Quantum communication is also known as the "unhackable" way of transmitting any information. Deeply rooted in quantum mechanics, the state-of-the-art form of communication can empower a super-fast, super-secure global network.
According to a recent report, a team of scientists at the University of Science and Technology of China (Hefei, China) succeeded in maintaining the entanglement of two quantum memories in fiber optic cables that are over 50 kilometers (31 miles) long. This record-breaking feat surpassed the current limit by almost 50 times.
At the core of quantum communication lies quantum entanglement, a phenomenon involving two particles connected and reliant on each other (also known as the entanglement state), even though they could be light-years apart.
Say the two particles are photons used to encrypt quantum computer memory (which make them quantum memory), as long as they can stay in the entanglement state, they can store the information in a secretive, quantum state for later retrieval. In contrast, a current computing memory stores information as "1" s and "0" s (bits), giving hackers a wide-open window to intercept the transimission.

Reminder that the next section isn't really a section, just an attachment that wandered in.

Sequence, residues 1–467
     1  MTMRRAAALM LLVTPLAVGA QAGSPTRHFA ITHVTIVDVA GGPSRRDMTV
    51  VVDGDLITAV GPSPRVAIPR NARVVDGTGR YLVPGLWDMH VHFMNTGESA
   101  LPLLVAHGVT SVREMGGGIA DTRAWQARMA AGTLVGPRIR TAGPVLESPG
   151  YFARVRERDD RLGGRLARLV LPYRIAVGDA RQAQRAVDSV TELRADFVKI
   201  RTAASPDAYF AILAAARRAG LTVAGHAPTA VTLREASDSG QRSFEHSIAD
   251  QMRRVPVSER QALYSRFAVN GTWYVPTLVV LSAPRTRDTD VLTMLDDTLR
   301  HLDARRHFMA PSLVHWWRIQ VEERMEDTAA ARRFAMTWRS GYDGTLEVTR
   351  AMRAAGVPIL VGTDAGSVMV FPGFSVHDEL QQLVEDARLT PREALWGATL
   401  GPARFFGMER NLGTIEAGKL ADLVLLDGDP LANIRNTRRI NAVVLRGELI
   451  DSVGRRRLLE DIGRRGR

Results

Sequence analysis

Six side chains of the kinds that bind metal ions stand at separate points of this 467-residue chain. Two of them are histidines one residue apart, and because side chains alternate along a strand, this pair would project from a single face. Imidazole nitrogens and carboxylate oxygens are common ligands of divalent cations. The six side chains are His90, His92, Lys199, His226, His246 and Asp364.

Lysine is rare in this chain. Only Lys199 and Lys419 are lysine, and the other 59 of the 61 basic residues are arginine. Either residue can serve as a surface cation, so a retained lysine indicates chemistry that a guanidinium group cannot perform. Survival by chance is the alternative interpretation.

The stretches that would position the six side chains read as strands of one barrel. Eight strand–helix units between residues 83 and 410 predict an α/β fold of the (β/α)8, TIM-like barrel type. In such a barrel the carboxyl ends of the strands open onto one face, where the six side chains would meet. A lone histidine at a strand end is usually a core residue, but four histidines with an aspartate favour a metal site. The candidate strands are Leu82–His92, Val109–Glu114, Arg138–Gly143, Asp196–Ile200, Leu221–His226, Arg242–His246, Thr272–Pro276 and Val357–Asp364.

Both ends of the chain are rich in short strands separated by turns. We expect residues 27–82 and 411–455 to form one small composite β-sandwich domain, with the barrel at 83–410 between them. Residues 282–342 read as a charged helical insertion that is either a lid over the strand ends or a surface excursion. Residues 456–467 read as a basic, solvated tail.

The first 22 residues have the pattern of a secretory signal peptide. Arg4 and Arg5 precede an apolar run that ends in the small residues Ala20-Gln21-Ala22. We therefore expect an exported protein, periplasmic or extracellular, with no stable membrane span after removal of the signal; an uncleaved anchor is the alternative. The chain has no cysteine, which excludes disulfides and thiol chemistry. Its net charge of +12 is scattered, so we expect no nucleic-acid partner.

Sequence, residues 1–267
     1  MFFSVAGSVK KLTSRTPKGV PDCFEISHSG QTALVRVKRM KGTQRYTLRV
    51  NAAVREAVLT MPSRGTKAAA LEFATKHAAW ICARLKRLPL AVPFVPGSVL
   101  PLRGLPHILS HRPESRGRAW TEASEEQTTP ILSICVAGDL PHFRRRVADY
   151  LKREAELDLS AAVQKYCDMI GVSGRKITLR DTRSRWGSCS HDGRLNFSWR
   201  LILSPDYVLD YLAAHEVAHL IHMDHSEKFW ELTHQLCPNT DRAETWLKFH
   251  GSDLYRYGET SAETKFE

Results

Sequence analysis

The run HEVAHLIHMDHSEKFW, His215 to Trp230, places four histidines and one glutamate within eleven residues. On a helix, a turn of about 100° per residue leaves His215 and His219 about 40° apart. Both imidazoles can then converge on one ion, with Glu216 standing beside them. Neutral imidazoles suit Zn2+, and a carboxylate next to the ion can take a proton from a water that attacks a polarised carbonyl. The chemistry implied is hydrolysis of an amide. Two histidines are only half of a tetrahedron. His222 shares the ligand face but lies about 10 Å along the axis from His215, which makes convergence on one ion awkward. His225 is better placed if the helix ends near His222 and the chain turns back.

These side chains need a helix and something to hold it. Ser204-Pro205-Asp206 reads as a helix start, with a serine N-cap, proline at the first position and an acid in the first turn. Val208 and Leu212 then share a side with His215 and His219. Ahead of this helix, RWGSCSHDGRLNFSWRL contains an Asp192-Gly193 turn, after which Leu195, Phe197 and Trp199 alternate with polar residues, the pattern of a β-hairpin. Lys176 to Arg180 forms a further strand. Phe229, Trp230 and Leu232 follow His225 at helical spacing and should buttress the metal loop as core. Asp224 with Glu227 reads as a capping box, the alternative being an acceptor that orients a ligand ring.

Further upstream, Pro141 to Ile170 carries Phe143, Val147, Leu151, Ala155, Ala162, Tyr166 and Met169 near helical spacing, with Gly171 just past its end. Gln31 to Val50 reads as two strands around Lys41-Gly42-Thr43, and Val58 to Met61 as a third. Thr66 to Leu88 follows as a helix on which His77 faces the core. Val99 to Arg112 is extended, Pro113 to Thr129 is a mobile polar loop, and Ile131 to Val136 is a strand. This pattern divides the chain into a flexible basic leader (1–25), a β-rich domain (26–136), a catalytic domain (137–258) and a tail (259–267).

Two years ago, the same group led by Jian-Wei Pan, a revered quantum information expert, set another world record by relaying entangled photon particles at two locations that are 1,200 km (750 mi) apart from each other, using their Quantum Experiments at Space Scale satellite.
Quantum satellite achieves 'spooky action' at record distance (Science)
Before this work, the current maximal distance for transmitting entangled quantum memories was 1.3 km, achieved by a team of European scientists back in 2015.
The Chinese group was looking to push the distance limit by adding a different kind of entanglement: they use a technique as cavity enhancement to create atom-photon entanglement. They passed the encrypted quantum memory through successive nodes in their fiber networks, where the nodes provide immobile atoms, and the photons serve as the message carrier.
In the end, they achieved maintaining entanglement of two quantum memories through 22 km-long fiber cable with two-photon interference, and over 50 km of via single-photon interference.
"The main significance of this paper lies in extending the entangling distance in (optical) fiber between quantum memories to the city scale," said Jian-Wei Pan, the senior author of the said report and a member of Chinese Academy of Science, in an interview with the Australian Broadcasting Corporation.
The Chinese team published their record-breaking study in the journal Nature.
Source: Science Alert